This freeze was damaging largely because of its duration. The problem with day-after-day cold weather is that it gives fruit little time to thaw, and so it can gradually break down, said Kallsen, a citrus and pistachio advisor with the University of California Cooperative Extension.
One saving grace is that the recent cold changed from what's known as an invective freeze to what Kallsen calls a radiative freeze.
The difference is that invective freezes have no inversion layer, and so there is no warm air above the cold that can be blown down from a few hundred feet in the air using wind machines and helicopters, Kallsen said.
"Growers have a real fighting chance here," he said.
While there are stories of devastating freezes dating back to the 1930s and '40s, the worst one in recent memory began in late December 1990.
It destroyed not only all fruit still hanging on trees, but also many of the trees themselves. It caused an estimated $84 million in damage in Kern, more than half the county's citrus crop, as overnight temperatures hung below 20 degrees for about two weeks.
"The 1990-91 freeze was what we would call the granddaddy of all freezes. It wiped out the entire industry," said Shirley Batchman, director of government affairs for the trade group California Citrus Mutual. "This (current) freeze is not anywhere near like that."
Although the recent cold may not have been worse across the board than earlier freezes, it appears to have taken an especially heavy toll on the new darlings of Kern citrus: mandarins.
Marketed by Delano-based Paramount Citrus markets as Halos, and as Cuties by Pasadena-based Sun Pacific, mandarins netted Kern growers about $194 million last year, when they were worth more than twice as much per pound as navel oranges, the county's overall top citrus seller.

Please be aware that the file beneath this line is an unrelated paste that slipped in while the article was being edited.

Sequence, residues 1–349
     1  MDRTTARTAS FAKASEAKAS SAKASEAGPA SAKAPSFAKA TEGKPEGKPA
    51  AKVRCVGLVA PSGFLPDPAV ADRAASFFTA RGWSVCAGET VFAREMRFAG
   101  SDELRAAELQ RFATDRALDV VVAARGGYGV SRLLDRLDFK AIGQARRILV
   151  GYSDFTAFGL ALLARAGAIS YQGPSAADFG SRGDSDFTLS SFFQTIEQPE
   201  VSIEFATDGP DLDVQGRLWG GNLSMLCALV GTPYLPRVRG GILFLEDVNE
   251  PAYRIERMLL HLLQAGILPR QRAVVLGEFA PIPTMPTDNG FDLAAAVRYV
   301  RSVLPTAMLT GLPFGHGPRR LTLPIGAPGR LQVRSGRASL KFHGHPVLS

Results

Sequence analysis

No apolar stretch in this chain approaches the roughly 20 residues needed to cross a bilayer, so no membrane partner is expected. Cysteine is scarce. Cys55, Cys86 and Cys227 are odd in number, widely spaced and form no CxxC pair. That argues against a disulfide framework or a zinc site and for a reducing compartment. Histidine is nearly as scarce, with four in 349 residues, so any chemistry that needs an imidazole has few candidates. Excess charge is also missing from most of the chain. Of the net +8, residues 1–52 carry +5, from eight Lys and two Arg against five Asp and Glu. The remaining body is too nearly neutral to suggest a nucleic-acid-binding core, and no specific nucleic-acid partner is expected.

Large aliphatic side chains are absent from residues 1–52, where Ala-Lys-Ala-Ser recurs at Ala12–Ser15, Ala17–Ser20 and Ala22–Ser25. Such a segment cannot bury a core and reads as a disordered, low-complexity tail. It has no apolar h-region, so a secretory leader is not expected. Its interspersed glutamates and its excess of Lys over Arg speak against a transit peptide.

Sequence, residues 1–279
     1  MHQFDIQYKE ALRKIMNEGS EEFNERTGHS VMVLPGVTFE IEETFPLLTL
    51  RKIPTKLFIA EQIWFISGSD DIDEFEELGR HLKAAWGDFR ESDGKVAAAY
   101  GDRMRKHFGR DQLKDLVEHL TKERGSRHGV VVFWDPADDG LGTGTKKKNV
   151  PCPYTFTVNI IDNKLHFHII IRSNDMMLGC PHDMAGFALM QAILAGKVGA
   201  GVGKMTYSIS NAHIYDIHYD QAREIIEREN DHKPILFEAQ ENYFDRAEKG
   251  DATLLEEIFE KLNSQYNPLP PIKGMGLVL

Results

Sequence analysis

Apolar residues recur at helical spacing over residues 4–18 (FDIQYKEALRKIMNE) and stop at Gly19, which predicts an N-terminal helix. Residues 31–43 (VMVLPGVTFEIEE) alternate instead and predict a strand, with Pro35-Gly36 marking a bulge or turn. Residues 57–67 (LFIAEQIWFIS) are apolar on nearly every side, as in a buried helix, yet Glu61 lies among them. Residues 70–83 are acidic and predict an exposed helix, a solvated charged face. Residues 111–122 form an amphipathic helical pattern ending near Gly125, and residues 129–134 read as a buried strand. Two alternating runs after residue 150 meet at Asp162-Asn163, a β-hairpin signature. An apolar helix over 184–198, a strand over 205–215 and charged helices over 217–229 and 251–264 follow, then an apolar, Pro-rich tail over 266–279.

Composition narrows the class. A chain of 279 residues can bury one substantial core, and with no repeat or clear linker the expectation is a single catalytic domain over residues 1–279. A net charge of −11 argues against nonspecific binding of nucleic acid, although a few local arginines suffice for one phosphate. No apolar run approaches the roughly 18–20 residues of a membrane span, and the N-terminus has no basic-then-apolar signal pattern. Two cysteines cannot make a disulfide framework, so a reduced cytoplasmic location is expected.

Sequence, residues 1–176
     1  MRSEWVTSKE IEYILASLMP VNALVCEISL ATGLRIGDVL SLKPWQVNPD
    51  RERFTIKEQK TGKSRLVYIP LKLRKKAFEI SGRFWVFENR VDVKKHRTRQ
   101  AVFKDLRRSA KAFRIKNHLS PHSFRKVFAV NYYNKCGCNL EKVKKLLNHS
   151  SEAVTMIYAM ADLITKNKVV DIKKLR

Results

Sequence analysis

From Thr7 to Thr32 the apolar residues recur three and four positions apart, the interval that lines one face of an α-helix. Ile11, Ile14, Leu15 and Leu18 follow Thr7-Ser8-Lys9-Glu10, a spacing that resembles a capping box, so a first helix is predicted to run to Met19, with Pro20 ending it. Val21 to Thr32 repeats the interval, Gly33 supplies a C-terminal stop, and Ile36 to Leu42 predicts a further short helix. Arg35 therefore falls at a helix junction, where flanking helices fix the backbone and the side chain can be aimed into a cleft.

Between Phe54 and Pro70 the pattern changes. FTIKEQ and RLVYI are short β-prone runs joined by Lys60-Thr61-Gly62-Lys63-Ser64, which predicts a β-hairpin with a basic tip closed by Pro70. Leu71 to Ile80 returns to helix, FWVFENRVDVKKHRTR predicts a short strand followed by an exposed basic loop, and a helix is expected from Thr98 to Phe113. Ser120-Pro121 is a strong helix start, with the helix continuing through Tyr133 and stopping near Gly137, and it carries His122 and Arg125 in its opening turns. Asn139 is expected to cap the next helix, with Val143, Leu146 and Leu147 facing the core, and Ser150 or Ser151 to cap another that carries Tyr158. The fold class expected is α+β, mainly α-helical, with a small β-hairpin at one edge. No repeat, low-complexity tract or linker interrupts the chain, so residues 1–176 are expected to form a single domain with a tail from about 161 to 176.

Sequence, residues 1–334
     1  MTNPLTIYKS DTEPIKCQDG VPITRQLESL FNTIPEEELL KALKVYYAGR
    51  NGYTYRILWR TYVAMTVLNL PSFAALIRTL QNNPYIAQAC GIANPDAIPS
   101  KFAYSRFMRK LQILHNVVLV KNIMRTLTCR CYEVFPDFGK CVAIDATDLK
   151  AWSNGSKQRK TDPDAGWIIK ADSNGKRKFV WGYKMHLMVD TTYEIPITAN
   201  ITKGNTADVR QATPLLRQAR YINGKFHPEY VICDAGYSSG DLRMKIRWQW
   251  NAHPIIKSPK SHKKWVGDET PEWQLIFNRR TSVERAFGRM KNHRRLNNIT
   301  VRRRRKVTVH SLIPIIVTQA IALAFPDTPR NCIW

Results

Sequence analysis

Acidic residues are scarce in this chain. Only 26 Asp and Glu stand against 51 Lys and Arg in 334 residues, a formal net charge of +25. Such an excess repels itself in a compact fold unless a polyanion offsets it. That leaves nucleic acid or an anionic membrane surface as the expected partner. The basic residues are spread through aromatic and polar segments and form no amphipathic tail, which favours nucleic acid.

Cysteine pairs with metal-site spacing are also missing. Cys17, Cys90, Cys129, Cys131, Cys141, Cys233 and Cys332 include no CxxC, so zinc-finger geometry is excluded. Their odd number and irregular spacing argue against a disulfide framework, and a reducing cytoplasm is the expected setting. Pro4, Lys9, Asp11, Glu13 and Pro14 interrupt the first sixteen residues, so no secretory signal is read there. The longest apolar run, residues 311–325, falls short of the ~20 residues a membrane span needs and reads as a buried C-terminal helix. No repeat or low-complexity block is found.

Mandarins took off in popularity in 2008. Their Kern County sales that year more than doubled from about $65 million in 2007 to $166 million.
During the last significant freeze, in January 2007, navels suffered the lion's share of the damage in Kern. That year, mandarins made up only about 3,900 acres across the county; by 2012, the fruit's productive acreage had grown to take up three times that much space in Kern.
Although a full accounting is not expected for months, early indications from industry and county inspectors were that the recent cold had damaged a far larger share of mandarins than navels.
Therein lies another distinction of this freeze: Traditionally, Kern has sent almost all of its citrus north to packing houses in Tulare and Fresno counties. Not anymore.
With the rising popularity of mandarins, Paramount and Sun Pacific have opened large packing houses in Kern, thus increasing the county's economic liability if the freeze results in widespread warehouse layoffs, as happened in 2007.
Another difference between then and now is the popularity of crop insurance. Relatively few local growers carried policies in 1990.
"It was kind of a new concept," Batchman said. "After 1990, then they all went, 'Ooh, we'd better take a look at this.'"
Crop insurance, however, has serious limitations. It typically covers the cost of growing the crop but not the lost income. Though helpful, crop insurance "doesn't make you whole by any stretch," Batchman said.